Beijing Spring, 1989: Confrontation and Conflict: the Basic Documents

By Michel Oksenberg; Lawrence R. Sullivan et al. | Go to book overview

These events have very profound causes. Unless the problem is solved from within the party and from the root, the problem cannot be solved at all.


50
Main Points of Yang Shangkun's Speech at Emergency Enlarged Meeting of the Central Military Commission

Source: Ming pao (Enligtenment) ( Hong Kong) ( May 29, 1989): 1-2; FBIS, May 30, pp. 17-20.

([ Ming pao] editor's note: This is a speech given by Yang Shangkun, executive vice chairman of the Central Military Commission at an emergency enlarged meeting of the Military Commission on May 24. It was originally entitled, "Main Points of Comrade Yang Shangkun's Speech at Emergency Enlarged Meeting of Central Military Commission on May 24, 1989, Edited from the Transcript." The subheads are ours.)


Is This State of Affairs Still Not a Disturbance?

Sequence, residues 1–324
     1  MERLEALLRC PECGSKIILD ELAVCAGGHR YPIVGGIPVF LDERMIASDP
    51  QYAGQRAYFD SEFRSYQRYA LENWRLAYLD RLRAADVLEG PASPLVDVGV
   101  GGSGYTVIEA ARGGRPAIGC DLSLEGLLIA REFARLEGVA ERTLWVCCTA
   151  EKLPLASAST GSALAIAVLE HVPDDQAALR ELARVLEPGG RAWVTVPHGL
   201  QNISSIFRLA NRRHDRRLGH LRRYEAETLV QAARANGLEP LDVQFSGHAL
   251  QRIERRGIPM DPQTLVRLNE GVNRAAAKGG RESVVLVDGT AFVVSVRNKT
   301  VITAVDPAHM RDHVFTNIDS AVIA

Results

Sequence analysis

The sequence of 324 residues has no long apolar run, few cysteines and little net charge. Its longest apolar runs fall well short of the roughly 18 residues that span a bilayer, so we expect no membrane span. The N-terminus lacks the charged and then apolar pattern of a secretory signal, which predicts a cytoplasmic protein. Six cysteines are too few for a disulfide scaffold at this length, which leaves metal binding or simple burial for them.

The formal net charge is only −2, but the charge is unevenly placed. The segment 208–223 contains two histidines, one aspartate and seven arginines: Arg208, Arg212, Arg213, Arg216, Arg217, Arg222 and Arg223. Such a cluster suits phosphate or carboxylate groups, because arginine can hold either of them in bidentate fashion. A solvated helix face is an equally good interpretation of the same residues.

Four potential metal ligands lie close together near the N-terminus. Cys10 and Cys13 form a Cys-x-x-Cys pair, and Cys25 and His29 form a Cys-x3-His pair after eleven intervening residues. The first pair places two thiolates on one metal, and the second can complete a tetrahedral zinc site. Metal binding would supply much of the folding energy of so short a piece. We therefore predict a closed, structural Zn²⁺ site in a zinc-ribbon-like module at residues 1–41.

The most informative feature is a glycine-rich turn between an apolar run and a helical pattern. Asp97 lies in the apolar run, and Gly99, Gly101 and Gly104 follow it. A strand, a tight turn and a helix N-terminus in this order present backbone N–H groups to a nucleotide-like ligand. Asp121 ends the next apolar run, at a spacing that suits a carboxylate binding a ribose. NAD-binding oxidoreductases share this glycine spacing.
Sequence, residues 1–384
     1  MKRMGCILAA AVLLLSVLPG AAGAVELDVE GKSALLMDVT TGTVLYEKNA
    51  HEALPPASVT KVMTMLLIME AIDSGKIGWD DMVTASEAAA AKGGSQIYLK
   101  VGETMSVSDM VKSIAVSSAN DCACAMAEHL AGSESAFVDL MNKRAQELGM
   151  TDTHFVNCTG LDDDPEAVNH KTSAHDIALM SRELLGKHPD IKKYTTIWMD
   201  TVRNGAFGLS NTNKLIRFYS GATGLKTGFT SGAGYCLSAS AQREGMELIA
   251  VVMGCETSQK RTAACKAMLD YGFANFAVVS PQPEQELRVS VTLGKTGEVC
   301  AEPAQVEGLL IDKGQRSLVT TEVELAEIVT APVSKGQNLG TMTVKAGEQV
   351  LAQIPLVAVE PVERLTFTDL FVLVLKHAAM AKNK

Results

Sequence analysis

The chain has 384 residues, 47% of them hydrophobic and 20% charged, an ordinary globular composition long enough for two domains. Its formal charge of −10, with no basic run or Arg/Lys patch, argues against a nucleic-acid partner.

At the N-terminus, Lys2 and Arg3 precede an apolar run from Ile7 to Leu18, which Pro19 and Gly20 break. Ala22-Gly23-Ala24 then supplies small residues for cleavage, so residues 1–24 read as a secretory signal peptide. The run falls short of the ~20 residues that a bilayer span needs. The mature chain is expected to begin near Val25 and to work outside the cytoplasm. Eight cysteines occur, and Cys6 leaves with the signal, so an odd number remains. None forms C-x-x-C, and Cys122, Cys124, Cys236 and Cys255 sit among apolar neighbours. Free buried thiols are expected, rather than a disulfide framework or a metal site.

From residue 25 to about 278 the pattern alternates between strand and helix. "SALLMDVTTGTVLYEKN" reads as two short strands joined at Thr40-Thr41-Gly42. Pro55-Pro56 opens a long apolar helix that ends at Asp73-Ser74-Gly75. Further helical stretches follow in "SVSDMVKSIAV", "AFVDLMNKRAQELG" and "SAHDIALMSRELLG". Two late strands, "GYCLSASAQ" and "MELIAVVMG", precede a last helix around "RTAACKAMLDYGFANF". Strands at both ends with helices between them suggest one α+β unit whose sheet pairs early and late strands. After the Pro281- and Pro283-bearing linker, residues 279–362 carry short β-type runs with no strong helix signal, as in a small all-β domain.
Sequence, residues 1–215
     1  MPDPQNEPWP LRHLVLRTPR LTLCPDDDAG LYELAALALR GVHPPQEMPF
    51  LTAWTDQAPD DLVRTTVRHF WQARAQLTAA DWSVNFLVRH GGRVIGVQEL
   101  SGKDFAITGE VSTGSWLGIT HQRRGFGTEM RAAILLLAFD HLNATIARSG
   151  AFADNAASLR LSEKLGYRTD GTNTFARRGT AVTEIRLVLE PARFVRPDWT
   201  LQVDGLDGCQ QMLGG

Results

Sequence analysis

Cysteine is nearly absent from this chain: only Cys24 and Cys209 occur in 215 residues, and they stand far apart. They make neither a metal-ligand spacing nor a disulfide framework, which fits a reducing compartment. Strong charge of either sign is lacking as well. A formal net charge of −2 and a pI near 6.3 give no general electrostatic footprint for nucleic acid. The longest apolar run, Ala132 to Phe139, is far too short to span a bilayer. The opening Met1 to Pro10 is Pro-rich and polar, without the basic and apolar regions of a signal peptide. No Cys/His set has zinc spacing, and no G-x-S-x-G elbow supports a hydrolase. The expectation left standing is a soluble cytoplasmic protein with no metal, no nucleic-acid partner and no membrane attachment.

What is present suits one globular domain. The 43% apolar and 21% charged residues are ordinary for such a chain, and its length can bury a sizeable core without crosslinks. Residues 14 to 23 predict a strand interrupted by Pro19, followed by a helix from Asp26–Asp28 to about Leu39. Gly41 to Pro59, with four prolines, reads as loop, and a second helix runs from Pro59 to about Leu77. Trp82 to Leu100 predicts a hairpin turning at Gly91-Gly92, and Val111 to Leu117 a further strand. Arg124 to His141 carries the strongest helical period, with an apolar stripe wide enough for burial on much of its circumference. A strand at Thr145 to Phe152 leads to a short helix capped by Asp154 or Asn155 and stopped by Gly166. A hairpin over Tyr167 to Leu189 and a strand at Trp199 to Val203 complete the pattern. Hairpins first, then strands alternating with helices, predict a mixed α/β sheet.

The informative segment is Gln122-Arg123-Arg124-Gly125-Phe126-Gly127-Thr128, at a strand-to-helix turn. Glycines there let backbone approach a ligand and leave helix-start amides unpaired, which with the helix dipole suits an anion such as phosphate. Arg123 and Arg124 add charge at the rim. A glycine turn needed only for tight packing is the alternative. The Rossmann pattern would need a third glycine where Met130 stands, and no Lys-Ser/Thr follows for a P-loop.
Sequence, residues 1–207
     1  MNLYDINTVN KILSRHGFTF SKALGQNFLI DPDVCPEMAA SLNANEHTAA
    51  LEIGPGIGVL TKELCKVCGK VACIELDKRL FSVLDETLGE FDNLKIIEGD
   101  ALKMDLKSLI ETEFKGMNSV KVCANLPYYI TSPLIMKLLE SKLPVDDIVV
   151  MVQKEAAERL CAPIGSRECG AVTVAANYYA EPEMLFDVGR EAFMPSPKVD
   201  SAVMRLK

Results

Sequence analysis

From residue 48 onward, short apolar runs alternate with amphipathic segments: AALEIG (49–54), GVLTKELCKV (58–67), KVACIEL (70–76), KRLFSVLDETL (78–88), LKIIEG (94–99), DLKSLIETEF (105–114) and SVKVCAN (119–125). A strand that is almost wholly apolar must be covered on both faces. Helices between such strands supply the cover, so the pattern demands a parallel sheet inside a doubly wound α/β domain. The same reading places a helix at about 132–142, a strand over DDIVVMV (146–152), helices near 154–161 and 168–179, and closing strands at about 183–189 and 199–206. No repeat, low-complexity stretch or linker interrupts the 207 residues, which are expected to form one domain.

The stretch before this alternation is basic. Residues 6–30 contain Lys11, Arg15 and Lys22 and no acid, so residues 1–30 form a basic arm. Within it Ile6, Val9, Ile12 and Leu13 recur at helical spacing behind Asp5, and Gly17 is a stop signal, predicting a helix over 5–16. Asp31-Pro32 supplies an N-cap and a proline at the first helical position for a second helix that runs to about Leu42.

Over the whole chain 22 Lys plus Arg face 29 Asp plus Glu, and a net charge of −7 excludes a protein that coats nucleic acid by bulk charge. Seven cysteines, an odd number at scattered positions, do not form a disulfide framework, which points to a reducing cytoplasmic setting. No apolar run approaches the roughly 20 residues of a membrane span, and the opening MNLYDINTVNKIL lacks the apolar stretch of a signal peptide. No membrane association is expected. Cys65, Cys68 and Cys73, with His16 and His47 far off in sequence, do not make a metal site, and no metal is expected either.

The Military Commission has decided to convene an emergency enlarged meeting and ask the principal responsible comrades of all major units to attend. The principal aim is to tell you one thing: that the present situation in Beijing is still chaotic. Although martial law has been declared, some of the martial law tasks have in fact not been carried out. Some army units enforcing martial law have been blocked, and they have not forcibly passed through, in order to avoid direct confrontation. Through great effort, most units have not entered their predetermined positions. The situation was even more chaotic a few days ago. No vehicle bearing a military plate could pass through. Is this state of affairs still not a disturbance? The situation in the capital is precisely a disturbance. This disturbance has not subsided.

There have been ups and downs in the student movement in the past month and more. Generally speaking, it is moving upward. Since Comrade Yaobang's death, the slogans in the streets have changed several times. When Comrade

-320-

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